Let me give you my view of what technology can offer and how we use modern communications equipment.
When businesses switched to computers some years ago, the conventional wisdom was to buy the best you could afford and then try to keep up with upgrades in hardware and software. As long as you could afford the latest improvements, it seemed they paid off in increases in productivity. Fortunately, prices on hardware came down so you could purchase better and faster machines, even if you didn’t always have the machines on the leading edge of technology.
However, lately there has been a dramatic increase in what is available and the cost of keeping up with the most recent improvements. Now, I believe, the decision on what to buy should depend not on what’s new and exciting in the way of technology, but what can improve the way you do business. The criteria I think are important would include ways to better dispatch technicians, better account for jobs completed and parts used, just to mention a few.
Instead of focusing on the technology to adopt, we have found that it’s more important to first zero in on our procedures. Once these are efficiently defined, we can select the technology to accomplish what we need done in the most efficient and — sometimes it is easy to forget this part — the most cost-effective manner.
The Process: By reviewing the way we process customer service calls, you’ll see how we selected the equipment we did. In fact, one of our most effective devices costs only a few dollars a month. It’s a simple pager. Here’s how we use it:
Rather than use expensive two-way radios or cell phones or a central broadcasting type of system for dispatching technicians to jobs, we use alpha-numeric pagers. They provide all the data a technician needs to proceed to the next job — the name and address of the customer. They are simple, cheap and reliable. We avoid broadcasting the job assignment to all the technicians, which is what happens when you dispatch jobs over a radio on a common frequency. With our system, no one knows who was assigned what job. The technician who gets the job doesn’t even get information on the type of job it is. We do this intentionally to avoid some common problems.
By sending technicians only the information they really need, we avoid complaints and disputes over who got what job and how lucky or unlucky someone was to get a certain job. Additionally, we don’t permit the technician to prejudge a job before arriving. You could probably predict that a technician may become discouraged if he is told the job is a simple (read that “low pay”) drain stoppage instead of a more complex and financially rewarding job. We want our technicians to analyze all jobs and look around the customer’s home for work that legitimately needs to be done; not to be prejudiced and limited by the call taker’s description of the job.
Given our objectives, the low-cost pager works well. Is it high tech? I guess it is, but what is important is that the system works well and doesn’t cost much. Those goals are always high on my list, whether it means a high tech solution or not.
Centralized System: When the technician arrives at the customer’s home and again just before he completes the job he is working on, he calls our office. That way, we know he is on the job and we know when he is ready for another job. The data that the technician provides on his second call, right before he finishes, is important and is entered into a central computing system we have. He simply gives the dispatcher the task numbers of the jobs he completed, the computer does the rest.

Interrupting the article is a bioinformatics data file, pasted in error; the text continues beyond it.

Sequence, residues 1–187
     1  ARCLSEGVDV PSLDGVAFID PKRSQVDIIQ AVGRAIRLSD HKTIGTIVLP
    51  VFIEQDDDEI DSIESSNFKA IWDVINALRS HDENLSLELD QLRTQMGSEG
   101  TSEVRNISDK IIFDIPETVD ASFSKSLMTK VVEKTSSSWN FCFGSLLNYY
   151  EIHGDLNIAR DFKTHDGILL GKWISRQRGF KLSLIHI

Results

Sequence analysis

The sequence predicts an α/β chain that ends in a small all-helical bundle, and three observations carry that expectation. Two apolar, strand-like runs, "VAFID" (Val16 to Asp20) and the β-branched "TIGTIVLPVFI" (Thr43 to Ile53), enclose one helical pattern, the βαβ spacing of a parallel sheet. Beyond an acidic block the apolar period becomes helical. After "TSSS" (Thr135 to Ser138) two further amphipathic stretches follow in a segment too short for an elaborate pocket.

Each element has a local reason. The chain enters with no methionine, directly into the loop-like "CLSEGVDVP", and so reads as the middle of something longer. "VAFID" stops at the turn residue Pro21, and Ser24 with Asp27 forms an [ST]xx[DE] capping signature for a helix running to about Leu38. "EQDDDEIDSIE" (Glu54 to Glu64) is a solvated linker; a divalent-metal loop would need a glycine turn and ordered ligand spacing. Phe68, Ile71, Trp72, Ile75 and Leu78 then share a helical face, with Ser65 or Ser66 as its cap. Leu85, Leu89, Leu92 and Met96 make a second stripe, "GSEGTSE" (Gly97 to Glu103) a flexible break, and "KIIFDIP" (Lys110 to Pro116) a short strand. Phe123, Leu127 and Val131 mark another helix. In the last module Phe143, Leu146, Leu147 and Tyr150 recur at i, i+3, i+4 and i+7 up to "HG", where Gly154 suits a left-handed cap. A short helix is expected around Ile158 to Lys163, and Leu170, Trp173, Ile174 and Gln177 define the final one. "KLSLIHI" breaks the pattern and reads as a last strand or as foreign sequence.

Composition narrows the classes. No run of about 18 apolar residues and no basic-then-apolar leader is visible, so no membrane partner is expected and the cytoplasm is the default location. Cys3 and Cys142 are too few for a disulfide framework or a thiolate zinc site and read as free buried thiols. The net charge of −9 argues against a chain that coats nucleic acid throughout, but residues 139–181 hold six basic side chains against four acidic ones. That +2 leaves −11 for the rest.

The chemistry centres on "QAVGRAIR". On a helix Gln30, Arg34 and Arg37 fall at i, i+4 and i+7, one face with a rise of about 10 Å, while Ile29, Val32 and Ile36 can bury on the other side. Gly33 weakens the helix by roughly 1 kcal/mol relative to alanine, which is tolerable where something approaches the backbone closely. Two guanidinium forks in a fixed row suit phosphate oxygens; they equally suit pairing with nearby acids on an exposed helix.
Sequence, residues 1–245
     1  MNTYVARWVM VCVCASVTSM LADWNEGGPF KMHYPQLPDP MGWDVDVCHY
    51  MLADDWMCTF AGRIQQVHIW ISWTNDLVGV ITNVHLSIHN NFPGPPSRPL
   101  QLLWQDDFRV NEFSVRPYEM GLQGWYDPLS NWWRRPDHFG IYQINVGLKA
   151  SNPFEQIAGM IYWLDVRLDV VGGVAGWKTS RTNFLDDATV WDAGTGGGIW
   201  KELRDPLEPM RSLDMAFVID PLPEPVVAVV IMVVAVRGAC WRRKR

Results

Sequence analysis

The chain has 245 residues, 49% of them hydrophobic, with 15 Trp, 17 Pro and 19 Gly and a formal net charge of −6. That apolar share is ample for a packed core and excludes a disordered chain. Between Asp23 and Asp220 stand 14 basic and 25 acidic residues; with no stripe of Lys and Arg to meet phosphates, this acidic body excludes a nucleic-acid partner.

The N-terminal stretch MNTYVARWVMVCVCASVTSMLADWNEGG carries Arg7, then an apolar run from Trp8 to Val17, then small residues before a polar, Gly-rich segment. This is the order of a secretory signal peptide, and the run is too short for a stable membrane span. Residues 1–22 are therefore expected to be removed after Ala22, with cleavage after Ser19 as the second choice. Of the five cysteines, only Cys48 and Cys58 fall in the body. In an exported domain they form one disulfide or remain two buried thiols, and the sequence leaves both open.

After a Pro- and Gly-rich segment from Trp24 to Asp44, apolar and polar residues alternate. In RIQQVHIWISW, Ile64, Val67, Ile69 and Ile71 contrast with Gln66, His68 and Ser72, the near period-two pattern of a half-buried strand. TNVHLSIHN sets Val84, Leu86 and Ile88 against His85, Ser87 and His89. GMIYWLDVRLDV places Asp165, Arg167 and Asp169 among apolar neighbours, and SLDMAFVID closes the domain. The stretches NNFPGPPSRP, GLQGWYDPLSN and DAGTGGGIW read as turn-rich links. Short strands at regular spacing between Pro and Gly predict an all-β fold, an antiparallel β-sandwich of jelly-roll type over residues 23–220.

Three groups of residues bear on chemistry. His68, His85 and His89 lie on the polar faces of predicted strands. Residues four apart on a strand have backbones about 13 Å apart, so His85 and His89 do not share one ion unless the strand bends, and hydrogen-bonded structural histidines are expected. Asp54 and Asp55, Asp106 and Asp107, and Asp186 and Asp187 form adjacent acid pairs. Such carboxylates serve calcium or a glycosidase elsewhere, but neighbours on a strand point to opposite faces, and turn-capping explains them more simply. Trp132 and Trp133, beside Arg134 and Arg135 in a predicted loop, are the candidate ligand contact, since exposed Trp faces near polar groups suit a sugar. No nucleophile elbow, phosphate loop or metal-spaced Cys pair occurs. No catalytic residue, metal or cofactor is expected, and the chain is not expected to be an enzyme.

Since we have a flat rate pricing system, those task numbers give us the information we need to: 1) compute his pay for the job; 2) set aside the parts used on the job in the warehouse, so his truck supplies can be replenished; 3) keep control of inventory in the warehouse; 4) maintain a very current record of sales (including sales by each technician) and 5) keep a record of which work was done for each customer. The warehouse person is alerted automatically to pull the needed parts and all the accounting data is already on file.
Within minutes of finishing his last job, the technician could pull up to the warehouse and load all the parts he used during the day into his truck.
The central computer system is the key to efficiency in our operations. It has allowed us to automate most of our office and record-keeping functions. Plus, it saves a significant amount of overhead because we only need a few office people to run the business. Between the integrated computer system that is networked in the company and the flat rate pricing structure we use, many of the tasks that were formerly performed manually are either eliminated or automated. That’s technology working well.
I have heard there are systems out there that can print invoices from a laptop computer and small, portable printer. Clearly, implementing that type of system uses more technology than we use with our pricing manual. Would it pay off for us? Although it might further automate our system, I think it is important for the customer to see where the price for the job came from. They like to see the price of the job in the price book. At this point, I think a laptop may intimidate some customers. Certainly, it wouldn’t maintain the comfort level we have established with our manuals. So from this perspective, “low tech” seems to work just fine. Remember, it’s not a maximum level of technology that you are searching for, it’s effective procedures that you can automate. In the case of in-truck laptops, I don’t see how they fit into our proven system — particularly when considering the extra expense of a few thousand dollars for each truck. I like technology but it has to pay for itself in productivity. If you don’t have proven and effective systems, no amount of technology will overcome your weakness.